Travel is a perennial challenge here. The air conditioners in the buses stopped working long ago, but of course the windows don’t open. The only air comes from the vented escape hatches in the roof, and then only when the bus is moving. And, in a region that’s produced the likes of Yousou N’Dour, Ali Farke Touré and Salif Keita, bus drivers seem to love with a cult-like obsession the same way that some people love campy B movies in the States the clangy, scream-laden, over-instrumented, over-amplified music of less adept artists that’s always too loud.

Still, I wouldn’t trade this way of seeing West Africa, even with all its challenges. It’s almost as if jigsawing our way through the region’s roads, we’re unlocking the secrets this part of the world holds. It’s only like this you can see how the harshness of the land forges tough-as-nails people, tempered by relentless hospitality and an eagerness to laugh that’s unlike anywhere else.

It’s an area of the world I was proud to call home for two years, and I’m excited to be back.

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Crossing the Gambia

We left the soft cradle of the diplomatic family’s house early in the morning and took to the already-muggy streets at 5:30 a.m. After Anne-Claire argued the price of our luggage down from the exorbitant price the driver first demanded, we got in a bush taxi headed for Ziguinchor in southern Senegal near the border with Guinea-Bissau.

Five and a half hours straight in the ‘sept-place’ (seven-seater station wagon, excluding the driver) were about all my seat bones could take; the airflow to our seats in the third row had stopped, creating a suffocating, sauna-like atmosphere that pushed my claustrophobia to the limit and nearly sent me in a panicked launch toward the cracked windows. A commonality over much of West Africa we’ve found is that people often prefer to be sweaty rather than dusty, so they’re often loath to roll down the windows in all but the worst heat. It was a good reminder of what real heat is. I looked vaguely like I’d been through a rainstorm, and I was intimately aware of every sweat gland on my body. I’d forgotten how much my eye sockets can sweat.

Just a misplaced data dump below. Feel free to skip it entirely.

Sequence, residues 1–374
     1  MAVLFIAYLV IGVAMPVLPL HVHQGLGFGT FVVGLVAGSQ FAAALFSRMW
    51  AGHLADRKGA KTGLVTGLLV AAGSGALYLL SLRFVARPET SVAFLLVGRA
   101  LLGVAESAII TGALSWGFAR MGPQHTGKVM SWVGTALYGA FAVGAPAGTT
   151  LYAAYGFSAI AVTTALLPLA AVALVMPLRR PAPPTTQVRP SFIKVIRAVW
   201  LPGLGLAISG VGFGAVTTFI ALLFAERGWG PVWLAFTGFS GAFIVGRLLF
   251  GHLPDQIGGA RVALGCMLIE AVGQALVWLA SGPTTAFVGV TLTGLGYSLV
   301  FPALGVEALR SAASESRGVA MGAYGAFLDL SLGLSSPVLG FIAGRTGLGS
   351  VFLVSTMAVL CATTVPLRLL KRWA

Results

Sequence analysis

When we arrived at the Gambia border, I thought it would be a welcome reprieve. First, it was just an opportunity to get out of the car. We had to get an exit stamp in our passports from Senegal (easy and free), then pay a small ‘entrance fee’ (read: bribe?) to get into the Gambia without a proper visa.

Second, the country’s namesake river holds a powerful place in my memory, as this was where the story of ‘Roots‘ by Alex Haley began. The film drove my curiosity about Africa when I first saw it at 11 years old, and reading the book years later in my first months at post in Peace Corps deepened my understanding of the rhythm of village life.

The real fun started as we got close to the Gambia River. Defying all logic, our driver sped past the miles-long stretches of cars, buses and trucks waiting for the ferry to cross the river. Word has it that the Gambian government refuses to build a bridge for fear of losing the bustling commerce that passengers forced to wait days generate in the thin sliver of land that forms this odd country.

While Anne-Claire and I had egg sandwiches, the driver took our contributions to bribe the ferry operators into letting us move up in the line (our fellow passengers contributed as well). Hot, cranky and tired, we decried the entropic disarray as people fought for the few places on one of the two slow, decrepit boats that left each bank of the river at most once an hour.

On reflection, though, this is Africa – things operate differently that the way we know, and in the end there’s a method hidden amongst the madness. It may not look like what we’re used to or can even comprehend, like the way news in a village always seems to spread like wildfire: I’d get home to my Peace Corps house in Niger, say hello to my host family, and not 10 minutes later, folks from the far side of the village a 15-minute walk away would arrive just to greet me because they’d heard I was home.

I suppose that’s part of what makes traveling interesting. If everything looked the same, the impetus to light out wouldn’t be so strong.